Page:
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Former Democratic presidential nominee Hillary Clinton already said she wouldn't run for president again, but if for some reason she changed her mind, she might want to take a look at Rasmussen's recent polling data.
Clinton was not only the presumptive nominee before the 2016 election, many also considered her the most likely to take the Oval Office.
But Rasmussen data indicated Democrats' perception of establishment candidates like Clinton dramatically changed, as substantially more people (36 percent in 2015 to 73 percent in 2018) said their party needed a fresh face as a nominee.
That shift seemed to be driven at least in part by Clinton; a majority of all likely voters said she was bad for the Democratic Party.
While 33 percent of likely Democratic voters — 62 percent of whom agreed that the party needed a fresh face — said she was good for the party, nearly 40 percent said the opposite.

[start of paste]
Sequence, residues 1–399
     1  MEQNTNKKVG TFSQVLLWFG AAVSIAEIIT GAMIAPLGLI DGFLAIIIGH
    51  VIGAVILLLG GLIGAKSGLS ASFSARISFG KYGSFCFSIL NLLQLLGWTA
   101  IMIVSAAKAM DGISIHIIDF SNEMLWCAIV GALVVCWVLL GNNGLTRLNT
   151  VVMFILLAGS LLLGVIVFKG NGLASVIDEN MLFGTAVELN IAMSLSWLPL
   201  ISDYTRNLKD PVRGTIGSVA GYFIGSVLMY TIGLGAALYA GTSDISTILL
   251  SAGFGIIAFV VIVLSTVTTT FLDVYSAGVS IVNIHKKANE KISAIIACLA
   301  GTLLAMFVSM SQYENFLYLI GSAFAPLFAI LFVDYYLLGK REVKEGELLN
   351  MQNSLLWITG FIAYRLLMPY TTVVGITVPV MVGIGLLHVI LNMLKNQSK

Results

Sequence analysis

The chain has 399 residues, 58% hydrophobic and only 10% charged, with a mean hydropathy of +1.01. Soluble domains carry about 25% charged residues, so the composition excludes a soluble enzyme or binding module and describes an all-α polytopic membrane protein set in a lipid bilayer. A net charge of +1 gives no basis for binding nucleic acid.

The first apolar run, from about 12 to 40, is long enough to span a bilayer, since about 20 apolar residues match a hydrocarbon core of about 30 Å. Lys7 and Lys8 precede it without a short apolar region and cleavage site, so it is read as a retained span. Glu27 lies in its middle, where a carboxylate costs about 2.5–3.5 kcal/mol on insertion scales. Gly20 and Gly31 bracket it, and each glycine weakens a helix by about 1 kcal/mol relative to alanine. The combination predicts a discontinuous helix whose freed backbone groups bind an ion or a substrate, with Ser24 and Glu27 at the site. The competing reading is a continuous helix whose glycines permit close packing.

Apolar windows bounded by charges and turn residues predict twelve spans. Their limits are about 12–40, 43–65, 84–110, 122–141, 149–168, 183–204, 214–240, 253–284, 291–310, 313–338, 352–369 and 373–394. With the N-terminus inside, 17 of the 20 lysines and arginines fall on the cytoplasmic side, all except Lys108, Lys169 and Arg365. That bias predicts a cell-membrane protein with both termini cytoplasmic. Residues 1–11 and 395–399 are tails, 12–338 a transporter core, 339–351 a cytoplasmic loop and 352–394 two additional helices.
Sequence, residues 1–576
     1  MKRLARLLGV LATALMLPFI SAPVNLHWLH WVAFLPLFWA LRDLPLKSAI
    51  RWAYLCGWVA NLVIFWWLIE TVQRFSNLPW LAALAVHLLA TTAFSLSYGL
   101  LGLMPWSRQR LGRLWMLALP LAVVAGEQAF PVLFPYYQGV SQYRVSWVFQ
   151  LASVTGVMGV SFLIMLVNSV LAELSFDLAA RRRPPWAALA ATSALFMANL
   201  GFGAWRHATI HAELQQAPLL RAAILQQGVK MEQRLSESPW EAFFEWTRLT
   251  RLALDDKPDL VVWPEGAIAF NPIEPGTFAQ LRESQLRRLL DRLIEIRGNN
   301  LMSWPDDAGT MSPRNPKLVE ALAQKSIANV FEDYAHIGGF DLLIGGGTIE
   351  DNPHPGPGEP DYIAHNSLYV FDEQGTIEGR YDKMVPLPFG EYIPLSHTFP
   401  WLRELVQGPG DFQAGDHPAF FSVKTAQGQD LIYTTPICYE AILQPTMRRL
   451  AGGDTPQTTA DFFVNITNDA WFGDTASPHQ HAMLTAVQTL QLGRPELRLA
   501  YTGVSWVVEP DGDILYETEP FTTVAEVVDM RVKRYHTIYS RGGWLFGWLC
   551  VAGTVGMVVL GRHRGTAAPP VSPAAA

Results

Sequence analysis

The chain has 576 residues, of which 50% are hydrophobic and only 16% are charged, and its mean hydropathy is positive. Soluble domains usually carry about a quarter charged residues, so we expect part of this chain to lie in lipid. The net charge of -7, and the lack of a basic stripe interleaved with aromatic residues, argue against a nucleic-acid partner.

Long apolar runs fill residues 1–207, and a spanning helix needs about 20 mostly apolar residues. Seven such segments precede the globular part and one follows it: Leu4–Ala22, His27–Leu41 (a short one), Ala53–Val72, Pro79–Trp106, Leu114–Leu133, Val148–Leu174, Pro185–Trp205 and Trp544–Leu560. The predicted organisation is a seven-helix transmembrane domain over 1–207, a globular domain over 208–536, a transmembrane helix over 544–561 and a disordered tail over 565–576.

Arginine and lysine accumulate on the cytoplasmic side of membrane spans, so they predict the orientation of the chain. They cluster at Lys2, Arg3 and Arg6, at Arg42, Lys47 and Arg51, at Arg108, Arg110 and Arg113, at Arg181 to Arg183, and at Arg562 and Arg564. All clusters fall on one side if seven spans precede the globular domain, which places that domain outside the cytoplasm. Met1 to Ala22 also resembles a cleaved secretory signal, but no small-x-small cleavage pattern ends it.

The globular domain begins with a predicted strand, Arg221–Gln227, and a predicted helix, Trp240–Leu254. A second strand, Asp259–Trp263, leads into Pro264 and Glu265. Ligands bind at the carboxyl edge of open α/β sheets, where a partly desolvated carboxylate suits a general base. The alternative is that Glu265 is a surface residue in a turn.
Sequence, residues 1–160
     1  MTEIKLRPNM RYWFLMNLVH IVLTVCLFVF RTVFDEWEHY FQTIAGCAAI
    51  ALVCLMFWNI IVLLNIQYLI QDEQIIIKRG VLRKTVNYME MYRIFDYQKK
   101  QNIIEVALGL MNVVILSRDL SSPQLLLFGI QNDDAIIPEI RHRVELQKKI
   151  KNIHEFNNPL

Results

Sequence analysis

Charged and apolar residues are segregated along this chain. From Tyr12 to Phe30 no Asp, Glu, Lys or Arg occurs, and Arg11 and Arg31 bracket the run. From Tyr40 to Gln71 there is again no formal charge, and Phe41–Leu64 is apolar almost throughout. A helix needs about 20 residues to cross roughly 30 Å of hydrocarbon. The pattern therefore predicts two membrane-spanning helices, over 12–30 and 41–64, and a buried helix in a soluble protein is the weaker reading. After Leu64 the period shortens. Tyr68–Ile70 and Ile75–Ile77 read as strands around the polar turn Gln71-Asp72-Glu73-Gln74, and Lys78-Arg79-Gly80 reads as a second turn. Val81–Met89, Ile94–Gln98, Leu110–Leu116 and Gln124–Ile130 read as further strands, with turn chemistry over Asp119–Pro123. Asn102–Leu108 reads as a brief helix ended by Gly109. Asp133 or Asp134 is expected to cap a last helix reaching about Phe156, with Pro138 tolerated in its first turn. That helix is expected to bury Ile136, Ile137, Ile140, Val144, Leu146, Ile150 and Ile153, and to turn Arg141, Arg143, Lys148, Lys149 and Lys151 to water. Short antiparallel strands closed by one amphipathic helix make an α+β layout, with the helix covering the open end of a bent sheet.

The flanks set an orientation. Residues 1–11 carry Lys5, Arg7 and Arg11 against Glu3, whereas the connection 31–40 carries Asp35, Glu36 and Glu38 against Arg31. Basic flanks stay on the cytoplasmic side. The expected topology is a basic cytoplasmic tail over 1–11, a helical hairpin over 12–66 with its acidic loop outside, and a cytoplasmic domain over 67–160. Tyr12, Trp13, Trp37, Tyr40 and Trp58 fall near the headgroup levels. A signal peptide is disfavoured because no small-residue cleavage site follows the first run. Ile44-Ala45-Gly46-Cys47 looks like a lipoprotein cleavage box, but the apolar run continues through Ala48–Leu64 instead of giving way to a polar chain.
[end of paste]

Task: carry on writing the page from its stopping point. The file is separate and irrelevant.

Only 16 percent of likely Democratic voters said the party should promote a candidate who previously ran.
Rasmussen's data came as Democrats faced calls from some, like The New York Times' editorial board, to promote young, new talent in the party. Most of the calls seemed to target House Minority Leader Nancy Pelosi (D-Calif.) as Republicans leveraged her negative reputation in campaign ads.
Since the election, Clinton has remained fairly active, speaking about her loss to Trump as well as criticizing the president's actions.
After Trump said he would nominate Brett Kavanaugh to the Supreme Court, Clinton controversially suggested his administration wanted to return America to a time when slavery was legal.
A plurality of likely voters, however, said a President Hillary Clinton would have made the country worse. According to Rasmussen, only 40 percent said the nation would have been better off, whereas 47 percent said the opposite.